At Christmas, Mark gave a ring to me—a plain silver band with two pearls—one black, one white. I suppose now one might see that as metaphor for the complete opposites that we were but who knew metaphor from Mephistopheles back then? I guess it was what would be called a promise ring now, back when life held promise, prior to the aforesaid ass kicking. Whatever the promise might have been, it was never kept. And I weep now for Mark’s 19-year-old broken heart.

[Editor’s note, post-publication: Then, she gave the ring away. Then, the recipient read Terri’s guest post. Mixed feelings here.]

This brings me to my current pearls—the closest thing to pop beads that I have ever found. A necklace and a bracelet, mind you! Not as plastic, perhaps, as the pop beads, but plenty, plenty plastic. And, this is the way I wear them today—on my night stand! (Until I took this photo, I didn’t realize how much of a shrine to my late husband, Bill, my night stand has become. And before anyone makes the inevitable crack about “pearls before swine,” let me hasten to tell you that he was the only one of my husbands worth a damn!)

Pearls

Editor’s note: I knew Bill. He was indeed worth a sweet smart damn.

Why do they repose on my night stand? you may ask. Because dear reader, dear sweet, gentle reader, when you reach a certain double-chin age, nothing, and I mean nothing, looks good around your sagging and hopeless neck, full of age spots and skin tags and too-much-sun wrinkles. And the occasional stiff-bristled grey hair. Even a lovely silk scarf can’t disguise all that. So, hello, young lovers, wherever you are—get those pearls on now and wear the hell out of them! Do you hear me?! Yes, wear them to the grocery store or the pool or the gym. Laugh knowingly at jokes and touch your pearls lightly, calling attention to your lovely neck. It won’t be so many years that you will, alas, desire to wear pearls but realize that you no longer have the beautiful neck upon which to do so. You, too, may resort to hanging your beautiful pearls at your night stand shrine.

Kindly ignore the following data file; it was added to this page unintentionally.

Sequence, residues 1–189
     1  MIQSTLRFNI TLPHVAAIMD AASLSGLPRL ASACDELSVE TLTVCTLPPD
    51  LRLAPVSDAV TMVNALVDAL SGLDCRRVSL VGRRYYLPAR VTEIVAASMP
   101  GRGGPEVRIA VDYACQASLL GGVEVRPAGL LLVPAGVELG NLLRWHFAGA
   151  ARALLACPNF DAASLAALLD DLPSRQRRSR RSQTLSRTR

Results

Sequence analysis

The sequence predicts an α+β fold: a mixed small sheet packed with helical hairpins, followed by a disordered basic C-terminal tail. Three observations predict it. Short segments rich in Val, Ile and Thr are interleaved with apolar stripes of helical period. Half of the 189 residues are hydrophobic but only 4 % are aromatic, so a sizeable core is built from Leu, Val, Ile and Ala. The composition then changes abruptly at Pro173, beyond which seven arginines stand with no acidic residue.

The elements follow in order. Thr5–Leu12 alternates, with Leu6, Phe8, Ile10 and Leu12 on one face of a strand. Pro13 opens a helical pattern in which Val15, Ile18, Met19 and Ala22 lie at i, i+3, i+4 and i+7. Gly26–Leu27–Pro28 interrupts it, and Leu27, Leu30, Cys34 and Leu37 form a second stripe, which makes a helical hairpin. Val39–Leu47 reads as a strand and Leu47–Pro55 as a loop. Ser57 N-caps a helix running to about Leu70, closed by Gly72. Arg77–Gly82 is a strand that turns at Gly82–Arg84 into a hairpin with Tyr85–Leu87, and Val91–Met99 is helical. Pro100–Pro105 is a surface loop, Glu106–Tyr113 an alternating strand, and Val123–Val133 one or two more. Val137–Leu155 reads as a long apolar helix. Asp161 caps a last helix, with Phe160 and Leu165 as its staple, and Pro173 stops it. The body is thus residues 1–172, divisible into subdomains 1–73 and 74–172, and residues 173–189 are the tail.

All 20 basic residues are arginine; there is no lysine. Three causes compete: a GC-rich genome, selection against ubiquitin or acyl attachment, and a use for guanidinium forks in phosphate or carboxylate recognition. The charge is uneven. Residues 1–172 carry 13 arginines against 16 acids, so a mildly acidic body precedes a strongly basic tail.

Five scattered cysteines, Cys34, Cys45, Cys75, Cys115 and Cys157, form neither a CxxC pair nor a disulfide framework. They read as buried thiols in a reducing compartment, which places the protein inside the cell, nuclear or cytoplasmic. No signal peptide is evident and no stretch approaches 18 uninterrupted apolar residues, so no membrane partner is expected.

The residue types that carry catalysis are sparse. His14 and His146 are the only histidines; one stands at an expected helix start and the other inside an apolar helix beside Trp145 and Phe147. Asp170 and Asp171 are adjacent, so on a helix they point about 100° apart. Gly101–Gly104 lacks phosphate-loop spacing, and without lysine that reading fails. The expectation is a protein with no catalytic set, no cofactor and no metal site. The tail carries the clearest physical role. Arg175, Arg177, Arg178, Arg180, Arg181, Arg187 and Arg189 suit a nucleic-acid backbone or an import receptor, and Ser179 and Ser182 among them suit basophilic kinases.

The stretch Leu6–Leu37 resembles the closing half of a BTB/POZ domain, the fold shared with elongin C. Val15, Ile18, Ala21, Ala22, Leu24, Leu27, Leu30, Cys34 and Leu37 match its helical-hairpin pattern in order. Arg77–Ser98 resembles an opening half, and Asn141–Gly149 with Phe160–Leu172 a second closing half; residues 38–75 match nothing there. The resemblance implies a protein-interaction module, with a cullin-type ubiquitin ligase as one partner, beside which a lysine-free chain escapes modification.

And remember, dear readers, what this pop-bead-wearing, 67-year-old former innocent has learned and learned well: If life kicks your ass, kick back! In pearls, of course. Faux or real—your choice.

cropped-mystic-golden-hanger.png

Dr. Terri Ryburn, who was my boss and mentor back in the day at ISU, has kicked the ass of some serious life. Here is the story of her connection to Route 66. Here is her book about Route 66 in McLean County. She’s brilliant and it’s adorable that pearls thought Terri might have use for them. Adorable.

Tomorrow: Depends on who devoted their weekend to writing a guest post about the agony and ecstasy of pearl-wearing. One of them did. I know they did. I love and trust my street team. TOMORROW.

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4 comments on “April is the pearlest month day twenty: PEARLESCENT. A former innocent speaks.

  1. Suzanne Douma says:

    Love the storytelling here!!!so personal, conversational & down to earth.

    Sent from my iPhone

    >

  2. Rick Duncan says:

    Great and enjoyable read, thank you Terri.

  3. Anita Revelle says:

    Yep, that’s my friend Terri. She is a wonderful woman and was a great boss to me for a few year’s at ISU. She has touched so many lives in her time there. Her great writing skills and fantastic humor are always a joy to read.